What’s the best thing about Australia? It’s far from everywhere.
What’s the worst thing about Australia? It’s far from everywhere.
Isolated & strong borders, reversed seasons. In the world of COVID, these would appear to be a blessing.
When COVID first emerged, the cold winter in the northern hemisphere contributed to its rapid spread. In Australia, the warmer climate helped reduce the spread, and together with border control and quarantine, we were largely able to get things under control. The Prime Minister and State Premiers insisted that our strategy was one of “suppression”, and if “elimination” happened, that would be a bonus. But as daily case numbers dwindled to single digits or teens in several states, the lockdowns continued. They said suppression but their policies screamed elimination.
After some months (and in Victoria, many months), the end result was that we did achieve elimination or “COVID-normal”. But no government official ever acknowledged that this was the intent from the start. Other than restrictions on travel in and out of the country, life returned to something resembling normal. Restaurants were open, and sports stadia bristled with fans.
But beneath the surface, there were serious problems.
Cracks in the federation continued to be revealed. Small outbreaks in cities would lead to border closures between states, and state parochialism and rivalry increased. Disparities in the policies and effectiveness of the states’ public health systems became apparent. Victoria’s was shown up to be nothing short of disastrous, and we are now coming out of our fourth lockdown, the most recent for two weeks. The last two lockdowns were called “circuit breakers” by a state government that continues to use language of fear, has lost the trust of many, and where the Chief Health Officer talks like a politician rather than a medical professional.
The federal government took a “wait and see” approach on vaccination. They placed a huge bet on AstraZenica (which could be manufactured locally thus supporting industry and solving supply chain challenges) which backfired as a mix of fear over blood clots and politicisation of the vaccination within UK/EU led to problems with both demand and supply. They have increased supplies of Pfizer and done a deal with Moderna, but the program is still running way behind schedule. There are evident flaws in the vaccination program itself – priority was given to the elderly and their carers, and those at medical risk, but certain classes of workers such as food delivery staff who travelled around cities extensively and therefore had the potential to spread COVID easily were ignored. They have been very slow to adapt and tinker with the program and be more strategic about prioritising to reduce spread.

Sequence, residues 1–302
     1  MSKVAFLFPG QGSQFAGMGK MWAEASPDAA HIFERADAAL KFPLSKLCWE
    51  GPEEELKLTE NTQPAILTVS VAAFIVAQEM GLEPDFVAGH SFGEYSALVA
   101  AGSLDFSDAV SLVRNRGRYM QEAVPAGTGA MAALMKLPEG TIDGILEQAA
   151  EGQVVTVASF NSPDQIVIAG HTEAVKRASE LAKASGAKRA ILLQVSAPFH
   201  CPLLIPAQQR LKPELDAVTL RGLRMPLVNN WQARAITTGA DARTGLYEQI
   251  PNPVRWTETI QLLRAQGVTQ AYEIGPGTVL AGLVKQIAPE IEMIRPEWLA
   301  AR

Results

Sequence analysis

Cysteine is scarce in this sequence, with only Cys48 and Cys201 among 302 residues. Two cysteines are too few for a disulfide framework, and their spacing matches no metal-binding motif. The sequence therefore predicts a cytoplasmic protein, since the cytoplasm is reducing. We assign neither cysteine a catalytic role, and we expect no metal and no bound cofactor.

In the past six months, state Premiers had twice proven a simple formula: lock your borders and your population and win an election. The “Fortress Australia” policy became very popular, with over 70% support in a recent poll. Many Australians were comfortable being locked down in a big country. Government threw money at the struggling airlines to encourage domestic tourism, and figures indicated the economy was bouncing back rapidly. With a federal election to be held within ten months, there did not appear to be any incentive for the government to open things up in a hurry.
All of this has led to a typically Australian complacency – “she’ll be right, mate” in the local parlance. Between a feeling of safety within Australia and a fear of vaccination, people are not lining up for it. There has not been any government social marketing campaign to address these attitudes, nor any policy carrots or sticks that would encourage people to vaccinate. Fully vaccinated Australians need permission to leave the country and must still spend 14 days in hotel quarantine on their return.
With a policy goal of COVID-zero, COVID-normal has led to laziness in behaviour. It took Victoria over a year to implement a state-wide system for contact tracing, and people are not taking it seriously. People are not sanitizing their hands regularly as there is no perceived need. The need to protect COVID-normal at all costs (and the preference for the blunt instrument of lockdowns) has led to the 14-day lockdown of nearly 7 million people over a few dozen cases.
Consider the alternative policy approach: that governments were comfortable with a small number of cases circulating at any time and had the health system capacity and the tools to control them. In that case, citizens would be far more vigilant about contact tracing and hygiene, and would be lining up in droves to be vaccinated. Only one state – New South Wales – have had both the policy fortitude and the faith in their own systems to have struck a balance of controlling the spread and maintaining an open economy. While they did need to resort to some short lockdowns, they were highly localised.
WHO recently stated that Australia and other countries that chose elimination strategies face a “genuine dilemma” on how to open up. Israel, UK and USA are leading with vaccination take-up, and we would need much higher rates to be able to open.
While we have been largely isolated from the global devastation of COVID, we have swapped it for a domestic devastation of leadership. We don’t have a pathway to return to being part of the rest of the world, which is now further away than ever.